In the mirror

Today we had another installation of our course in Technology, science and culture, where we go through the different chapters of the recent third edition of The Handbook of Science and Technology Studies. Always interesting discussions going on there, with a critical eye on the texts we read.

You can only see the front here, but it's a <em>thick</em> bastard

You can only see the front here, but it's a thick bastard

During the presentations today I got to thinking about the STS field and its connection to other fields of study. We were discussing a text complaining about the lack of focus in STS on pedagogical methods and tools in the transfer of STS related knowledge to new students of the field. Since my master’s degree is in educational sociology, I feel I have some experience with both discussions of pedagogy and the problematic of interdisciplinary field identity: are they a discipline in their own right, or simply a field of study where different disciplines co-exist? Regarding the field of educational study, I would say they are definitely a field and not a discipline. There is very little independent theory and conceptual development to defend calling it a discipline in it’s own right, although this is not for lack of trying. It simply does not stick.

When it comes to STS, I’m more unsure. They certainly have a stronger claim to being a discipline than educational studies, with a mature set of theoretical concepts and methodological approaches. On the other hand, I feel I recognize a lot of the concepts from other fields, and I don’t think I’m the only one (Nora brought up the sociology of knowledge today, for example). The whole Handbook, which I’m guessing should be read as a sort of summing up of where the current debates stand and a presentation of the tools of analysis and methodology available to the student of Science and Technology, is very introvert, focusing mainly on debating how STS can become a discipline in its own right.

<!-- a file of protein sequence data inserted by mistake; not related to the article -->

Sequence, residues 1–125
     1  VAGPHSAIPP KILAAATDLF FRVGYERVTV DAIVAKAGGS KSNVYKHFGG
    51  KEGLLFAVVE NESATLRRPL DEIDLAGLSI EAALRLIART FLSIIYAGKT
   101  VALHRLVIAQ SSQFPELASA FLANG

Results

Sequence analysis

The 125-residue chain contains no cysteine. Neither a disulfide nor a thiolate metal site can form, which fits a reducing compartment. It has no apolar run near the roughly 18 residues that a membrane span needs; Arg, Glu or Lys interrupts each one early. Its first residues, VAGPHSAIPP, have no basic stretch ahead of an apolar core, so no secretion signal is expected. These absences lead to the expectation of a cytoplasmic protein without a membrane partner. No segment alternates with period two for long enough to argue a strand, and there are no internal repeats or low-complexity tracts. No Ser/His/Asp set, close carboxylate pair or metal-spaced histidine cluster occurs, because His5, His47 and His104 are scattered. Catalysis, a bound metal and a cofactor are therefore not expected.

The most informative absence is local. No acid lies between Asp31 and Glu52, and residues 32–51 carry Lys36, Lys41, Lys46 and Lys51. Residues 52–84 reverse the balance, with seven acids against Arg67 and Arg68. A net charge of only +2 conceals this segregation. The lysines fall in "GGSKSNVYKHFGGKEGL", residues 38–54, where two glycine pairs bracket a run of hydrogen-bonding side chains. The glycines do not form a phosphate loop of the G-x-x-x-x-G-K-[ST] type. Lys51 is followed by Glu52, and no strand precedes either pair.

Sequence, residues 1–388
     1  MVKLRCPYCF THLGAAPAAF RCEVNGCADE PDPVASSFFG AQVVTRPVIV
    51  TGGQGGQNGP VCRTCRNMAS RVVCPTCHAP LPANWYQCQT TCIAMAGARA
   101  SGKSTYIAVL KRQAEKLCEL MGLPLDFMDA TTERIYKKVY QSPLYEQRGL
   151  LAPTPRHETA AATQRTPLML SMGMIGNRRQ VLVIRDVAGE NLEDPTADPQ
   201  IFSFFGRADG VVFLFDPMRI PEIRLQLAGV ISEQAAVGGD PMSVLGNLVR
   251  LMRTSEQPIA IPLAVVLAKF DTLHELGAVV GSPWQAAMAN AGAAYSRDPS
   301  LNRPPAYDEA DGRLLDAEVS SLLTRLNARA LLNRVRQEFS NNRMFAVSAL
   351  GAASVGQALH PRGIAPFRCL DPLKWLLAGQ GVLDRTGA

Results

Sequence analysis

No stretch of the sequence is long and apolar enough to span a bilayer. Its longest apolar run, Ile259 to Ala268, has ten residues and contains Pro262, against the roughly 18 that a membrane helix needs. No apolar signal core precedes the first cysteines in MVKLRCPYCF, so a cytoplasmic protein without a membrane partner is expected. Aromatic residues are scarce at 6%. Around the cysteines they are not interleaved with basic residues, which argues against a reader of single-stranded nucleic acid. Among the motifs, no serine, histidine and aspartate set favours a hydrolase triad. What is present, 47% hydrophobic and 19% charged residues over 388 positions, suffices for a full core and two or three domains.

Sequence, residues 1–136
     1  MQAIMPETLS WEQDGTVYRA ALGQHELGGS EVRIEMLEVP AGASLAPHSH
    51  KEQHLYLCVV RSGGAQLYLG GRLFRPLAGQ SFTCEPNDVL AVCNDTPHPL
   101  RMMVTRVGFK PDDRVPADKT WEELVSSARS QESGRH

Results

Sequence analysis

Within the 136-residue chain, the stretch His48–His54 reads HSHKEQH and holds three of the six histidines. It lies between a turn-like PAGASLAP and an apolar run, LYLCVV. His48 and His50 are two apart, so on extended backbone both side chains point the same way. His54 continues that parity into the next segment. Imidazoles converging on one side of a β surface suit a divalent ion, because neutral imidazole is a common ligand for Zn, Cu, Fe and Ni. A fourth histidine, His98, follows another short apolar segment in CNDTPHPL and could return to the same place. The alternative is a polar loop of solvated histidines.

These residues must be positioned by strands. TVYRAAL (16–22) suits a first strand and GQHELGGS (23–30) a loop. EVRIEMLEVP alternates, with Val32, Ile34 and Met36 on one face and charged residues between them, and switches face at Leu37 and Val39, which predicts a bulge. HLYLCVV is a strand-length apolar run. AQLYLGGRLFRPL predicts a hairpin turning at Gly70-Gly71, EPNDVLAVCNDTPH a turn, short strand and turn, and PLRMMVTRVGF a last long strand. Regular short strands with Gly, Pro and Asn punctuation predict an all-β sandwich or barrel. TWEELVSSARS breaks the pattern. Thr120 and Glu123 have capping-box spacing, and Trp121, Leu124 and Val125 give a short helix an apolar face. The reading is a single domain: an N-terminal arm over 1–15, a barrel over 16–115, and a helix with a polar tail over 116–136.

Reflexivity is both a sign of a mature discipline and a strategy of making it so. Several of the articles engage in what to me seems like pure conceptual imperialism, exporting STS concepts to other fields of study. This is both to show that STS concepts are robust and have application in many fields, but also to fortify positions. This can be good or bad. On the one hand, using new theoretical concepts on old themes can create new connections and new knowledge. Conceptual innovation and interdisciplinarity may not be an end in itself, but it is at least a useful tool to both examine one’s own field critically and maybe gaining increased communication. On the other hand, there is a worrying tendency where more and more disciplines are being splintered into ever more specialized fields of study, each with their own language and approach to problems that in many cases are overlapping. This makes interdisciplinarity harder, as translating between adjacent fields takes up more time and energy. We’ll have to see where this ends.

Many here at the institute and other places are currently working a lot on exactly these problems of the production of knowledge and interdisciplinarity. One recent example is the book Vitenskap som dialog, edited by people at ITK. The book is very good, accessible and interesting throughout. I’m sure there will be many interesting contributions to these debates in the time coming, although I can’t free myself from the nagging feeling that it’s a little close to staring into out own navels.

Whew, long post there. Here is some relief, a guy singing all 64 voices of Michael Jackson’s Thriller. In my next Serious Post, I’ll go all Foucault on your asses.


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